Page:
Ice cream business booms in war torn Syria
Amidst the ongoing chaos caused by the civil war in Syria, ice cream is the last thing you would think people would have on their minds. But the Bakdash ice cream shop in the old town of Damascus is always packed with people looking for ice cream and peace of mind.
"Of course, when you come here you can just relax," says one patron. "It is a relaxing place where you can forget everything that's going on."
Bakdash is a family run business started in 1895. They make their ice cream by stirring and beating milk, sugar and other ingredients in ice cold drums, just like they did over 100 years ago. They method is so good, the owners say it has spread around the world.
"The biggest ice cream makers in the world know that this type of ice cream was started here in Syria. And we sent people from Syria to teach them how to make ice cream a long time ago," says shop owner Hisham Hamdi Bakdash.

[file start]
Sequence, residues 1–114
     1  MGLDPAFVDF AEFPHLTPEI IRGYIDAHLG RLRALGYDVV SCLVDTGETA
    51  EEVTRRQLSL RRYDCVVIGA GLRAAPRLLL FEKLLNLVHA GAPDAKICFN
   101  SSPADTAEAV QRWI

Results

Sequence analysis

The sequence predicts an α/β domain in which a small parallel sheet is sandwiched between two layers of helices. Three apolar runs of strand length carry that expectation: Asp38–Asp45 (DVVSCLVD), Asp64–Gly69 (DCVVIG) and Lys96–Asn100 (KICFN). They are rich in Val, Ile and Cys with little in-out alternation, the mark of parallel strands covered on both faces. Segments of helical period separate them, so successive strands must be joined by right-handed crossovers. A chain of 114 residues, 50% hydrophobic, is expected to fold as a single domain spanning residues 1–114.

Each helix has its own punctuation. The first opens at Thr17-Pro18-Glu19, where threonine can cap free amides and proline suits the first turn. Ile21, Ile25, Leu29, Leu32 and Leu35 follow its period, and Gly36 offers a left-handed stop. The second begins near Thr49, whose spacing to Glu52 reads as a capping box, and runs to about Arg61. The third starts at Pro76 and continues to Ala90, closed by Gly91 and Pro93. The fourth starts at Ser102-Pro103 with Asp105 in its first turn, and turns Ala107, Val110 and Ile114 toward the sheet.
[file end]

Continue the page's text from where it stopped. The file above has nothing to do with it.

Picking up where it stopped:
While the civil war has made business at home more difficult, that hasn't stopped Bakdash from growing. Recently, the company expanded to Jordan, Egypt and the United Arab Emirates. All of the ice cream is made in Syria and exported to Lebanon in refrigerated trucks.
Despite the war, Bakdash is a company that is actually doing quite well. But a lot of other Syrian companies, especially small and medium size businesses, are not fairing as well. Because of the ongoing crisis, people are spending less money, causing many stores to shorten their open hours.
Even though business is going well now, there is always fear that the fighting may spread to the old town. Until then, Bakdash is proving that flexibility and bold business decisions seem to be a way to survive; even for a company that hasn't changed its recipe in almost 120 years.